Chasing Dreams: Racing to the Finish Line

The cross country and track and field office at Glendale College is a shrine to the past and a reminder to current student-athletes of what the expectations are for those that wear the uniforms.

That history is not lost on freshman Jennifer Cazarez, an 18-year-old from Santee High in Los Angeles, as she gazed one day after practice at the photos and trophies that adorn the small office.

She is the No. 2 runner on the women’s team that recently won its 13-straight Western State Conference title Oct. 20, finished fourth in the Southern California Championships Nov. 3 and will be gunning for its third-consecutive state championship Nov. 18 in Fresno. But beyond her success in running and in the classroom, where she carried a 4.7 grade point average in high school and continues her academic success in college within the GCC’s Scholars Program, her daily challenges have nothing to do with being a student-athlete.

Jennifer is an undocumented student who was born in Puebla, Mexico, in 1999, and came to the United States in 2008 as a fourth grader. She is very grateful to her family for the support she has received and smiled through her braces, putting her shyness to the side as she discussed her situation.

“I don’t feel different or unique because I am not a citizen of the United States,” Cazarez said. “If anything, it will make me work harder. I don’t take anything for granted and my studies come first, and then the work I put in as a runner to support the team and help myself improve.”

Improve. Webster’s Dictionary defines the word as to make or become better or to increase the value of. After arriving in the United States, Jennifer was placed in the fourth grade but had to drop down to third grade for some subjects in order for her to improve her ability to read, write and speak English.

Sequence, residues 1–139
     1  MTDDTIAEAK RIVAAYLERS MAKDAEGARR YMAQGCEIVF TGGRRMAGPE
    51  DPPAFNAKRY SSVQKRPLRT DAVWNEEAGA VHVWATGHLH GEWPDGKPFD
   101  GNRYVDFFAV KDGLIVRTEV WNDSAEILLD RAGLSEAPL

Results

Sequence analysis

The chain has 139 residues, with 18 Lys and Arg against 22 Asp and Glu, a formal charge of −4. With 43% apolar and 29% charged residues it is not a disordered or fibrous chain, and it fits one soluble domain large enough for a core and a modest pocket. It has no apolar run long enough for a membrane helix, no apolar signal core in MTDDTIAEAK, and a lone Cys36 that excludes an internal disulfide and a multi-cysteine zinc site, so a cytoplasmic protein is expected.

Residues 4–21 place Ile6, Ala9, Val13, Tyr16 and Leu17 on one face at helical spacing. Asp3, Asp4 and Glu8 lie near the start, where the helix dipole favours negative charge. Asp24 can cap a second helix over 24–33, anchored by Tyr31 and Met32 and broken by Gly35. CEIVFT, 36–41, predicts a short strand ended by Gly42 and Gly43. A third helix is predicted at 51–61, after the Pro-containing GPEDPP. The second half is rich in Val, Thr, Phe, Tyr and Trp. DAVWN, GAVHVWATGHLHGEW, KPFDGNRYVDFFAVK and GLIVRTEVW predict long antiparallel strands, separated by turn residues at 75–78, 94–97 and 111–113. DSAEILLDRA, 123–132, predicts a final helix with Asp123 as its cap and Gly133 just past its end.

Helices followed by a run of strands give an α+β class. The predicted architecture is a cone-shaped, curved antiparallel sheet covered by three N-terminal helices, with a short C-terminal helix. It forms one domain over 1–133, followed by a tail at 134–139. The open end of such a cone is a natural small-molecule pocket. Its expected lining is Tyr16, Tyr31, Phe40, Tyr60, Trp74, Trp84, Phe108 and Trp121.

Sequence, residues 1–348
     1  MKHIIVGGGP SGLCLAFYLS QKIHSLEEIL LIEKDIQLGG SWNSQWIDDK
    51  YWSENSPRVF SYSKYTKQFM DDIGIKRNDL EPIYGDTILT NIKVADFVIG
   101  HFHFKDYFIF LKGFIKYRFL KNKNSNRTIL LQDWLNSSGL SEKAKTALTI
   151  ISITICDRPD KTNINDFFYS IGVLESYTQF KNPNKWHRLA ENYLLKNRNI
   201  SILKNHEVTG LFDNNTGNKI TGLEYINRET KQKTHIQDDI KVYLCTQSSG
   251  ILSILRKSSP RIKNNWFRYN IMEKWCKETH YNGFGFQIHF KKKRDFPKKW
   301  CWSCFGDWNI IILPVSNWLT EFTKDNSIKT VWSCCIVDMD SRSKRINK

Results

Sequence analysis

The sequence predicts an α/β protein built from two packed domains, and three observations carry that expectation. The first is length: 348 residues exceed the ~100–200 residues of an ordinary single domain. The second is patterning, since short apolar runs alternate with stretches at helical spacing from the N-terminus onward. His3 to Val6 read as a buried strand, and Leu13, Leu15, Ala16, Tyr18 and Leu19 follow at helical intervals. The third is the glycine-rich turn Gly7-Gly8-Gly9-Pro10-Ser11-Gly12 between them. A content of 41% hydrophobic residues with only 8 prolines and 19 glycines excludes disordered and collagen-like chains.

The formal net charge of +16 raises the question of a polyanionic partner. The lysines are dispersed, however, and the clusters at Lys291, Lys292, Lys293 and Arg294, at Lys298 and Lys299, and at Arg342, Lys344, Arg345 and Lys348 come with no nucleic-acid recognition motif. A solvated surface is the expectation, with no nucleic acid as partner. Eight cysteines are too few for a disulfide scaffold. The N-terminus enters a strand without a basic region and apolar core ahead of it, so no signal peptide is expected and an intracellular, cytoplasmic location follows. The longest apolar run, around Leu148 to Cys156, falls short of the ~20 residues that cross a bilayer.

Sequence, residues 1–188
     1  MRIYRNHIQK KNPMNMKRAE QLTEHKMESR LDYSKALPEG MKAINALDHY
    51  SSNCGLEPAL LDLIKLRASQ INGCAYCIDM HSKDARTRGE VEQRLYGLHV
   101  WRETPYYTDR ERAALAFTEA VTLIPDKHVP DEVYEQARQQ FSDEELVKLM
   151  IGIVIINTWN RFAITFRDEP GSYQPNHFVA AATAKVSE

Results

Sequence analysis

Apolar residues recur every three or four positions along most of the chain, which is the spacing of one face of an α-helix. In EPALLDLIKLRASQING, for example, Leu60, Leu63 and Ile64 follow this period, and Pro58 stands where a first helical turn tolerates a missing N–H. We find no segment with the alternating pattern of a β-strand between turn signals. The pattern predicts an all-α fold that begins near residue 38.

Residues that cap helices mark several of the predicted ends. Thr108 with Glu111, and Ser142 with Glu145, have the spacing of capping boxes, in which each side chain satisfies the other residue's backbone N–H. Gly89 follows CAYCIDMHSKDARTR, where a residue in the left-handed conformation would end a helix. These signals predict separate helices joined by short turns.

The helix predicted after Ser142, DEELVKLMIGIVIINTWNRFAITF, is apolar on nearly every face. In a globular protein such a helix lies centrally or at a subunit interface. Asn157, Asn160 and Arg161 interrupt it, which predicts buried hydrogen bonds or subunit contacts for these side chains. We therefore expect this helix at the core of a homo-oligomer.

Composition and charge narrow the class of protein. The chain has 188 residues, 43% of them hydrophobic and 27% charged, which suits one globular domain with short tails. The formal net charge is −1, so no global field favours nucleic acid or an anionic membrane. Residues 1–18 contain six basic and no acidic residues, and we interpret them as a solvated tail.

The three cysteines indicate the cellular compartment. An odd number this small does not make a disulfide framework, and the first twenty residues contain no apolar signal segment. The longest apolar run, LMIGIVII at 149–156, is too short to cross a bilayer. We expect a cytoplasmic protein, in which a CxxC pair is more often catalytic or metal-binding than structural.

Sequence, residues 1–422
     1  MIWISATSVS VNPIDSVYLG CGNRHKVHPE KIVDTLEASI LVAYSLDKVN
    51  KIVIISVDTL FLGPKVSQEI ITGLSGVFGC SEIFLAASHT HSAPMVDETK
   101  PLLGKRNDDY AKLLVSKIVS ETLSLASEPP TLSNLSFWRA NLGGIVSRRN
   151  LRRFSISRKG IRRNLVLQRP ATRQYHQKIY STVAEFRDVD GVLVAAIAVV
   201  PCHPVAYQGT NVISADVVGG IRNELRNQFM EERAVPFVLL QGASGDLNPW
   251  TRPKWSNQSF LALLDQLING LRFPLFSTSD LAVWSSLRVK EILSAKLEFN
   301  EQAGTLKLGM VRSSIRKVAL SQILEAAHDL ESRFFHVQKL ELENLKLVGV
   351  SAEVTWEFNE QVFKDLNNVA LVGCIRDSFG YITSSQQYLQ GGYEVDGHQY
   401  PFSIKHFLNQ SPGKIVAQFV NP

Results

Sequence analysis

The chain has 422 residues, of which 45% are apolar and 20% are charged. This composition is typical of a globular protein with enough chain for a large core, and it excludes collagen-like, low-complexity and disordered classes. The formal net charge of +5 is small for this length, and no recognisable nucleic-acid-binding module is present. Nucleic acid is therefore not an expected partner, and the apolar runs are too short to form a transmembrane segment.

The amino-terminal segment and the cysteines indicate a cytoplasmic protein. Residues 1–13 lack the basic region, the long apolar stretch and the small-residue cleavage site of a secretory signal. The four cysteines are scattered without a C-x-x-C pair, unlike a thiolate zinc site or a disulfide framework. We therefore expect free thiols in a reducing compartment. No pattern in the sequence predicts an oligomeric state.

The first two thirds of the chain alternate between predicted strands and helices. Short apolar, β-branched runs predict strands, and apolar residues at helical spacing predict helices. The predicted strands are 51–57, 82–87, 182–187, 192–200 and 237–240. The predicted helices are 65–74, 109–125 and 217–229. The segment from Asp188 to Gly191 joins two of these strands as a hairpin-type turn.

Fast-forward ahead nine years, where she took home a slew of recognition at Senior Awards night at Santee high school and was accepted to nine four-year colleges, including four Cal State and UC schools, like U.C. Berkeley. If it weren’t for some missing paperwork, she might be at Occidental College now instead of Glendale College. But the Tigers’ loss is a significant gain for the Vaqueros, said head men’s and women’s cross country coach Eddie Lopez.

“Jenni is one of the most well-rounded student-athletes that has come to us in recent years and we feel very fortunate that she is part of our team and part of our school community,’’ said Lopez. “She is a great example of where hard work can get you if you work hard despite your circumstances, and I knew early on that she was a special talent in and out of the classroom and that is why she will be our team captain next year.’’

Well rounded. The ability to deal with any situation and make the best of it. To be able to strive for excellence in and out of the classroom and be a role model for those who may struggle and help those who have trouble helping themselves.

Living close to downtown is a challenge in itself but Jennifer just goes about her business and maintains her focus. He sister Leslie, 21, is a recent graduate of Cal Poly Pomona and is her role model. It would be easier just to go to school and leave the athletic part of her behind but she enjoys the challenge of running and doing well in school. That is what drives her to succeed.

“The team at GCC has been great and I really enjoy being part of a group and working hard to be the best we can be,” she said. “I run about 40 to 45 miles per week during the season, down from 60 during the summer and I feel really prepared when I hit the starting line for a race.

“And competing with someone as talented as our No. 1 runner Angie Salas is another thing that drives me, trying to keep up with her during races for as long as I can and finishing as strong as I can for the team.”

The 2017 cross country season will be over in just a few weeks and then after a short break, training will start for the 2018 track season.

Classes will continue until mid-December and then everything will start over in January for the winter and then the spring semester and season.

Walking away from the cross country and track & field office, Jennifer Cazarez might wonder where she fits into all the success in the photos, trophies and awards that shine like a beacon for the athletes to observe. Step by step and little by little, she is finding her place and making her mark, working hard to do the best she can.

Her challenges are many but if history has a way of repeating itself, her future will be bright and nothing will keep her from reaching her goals.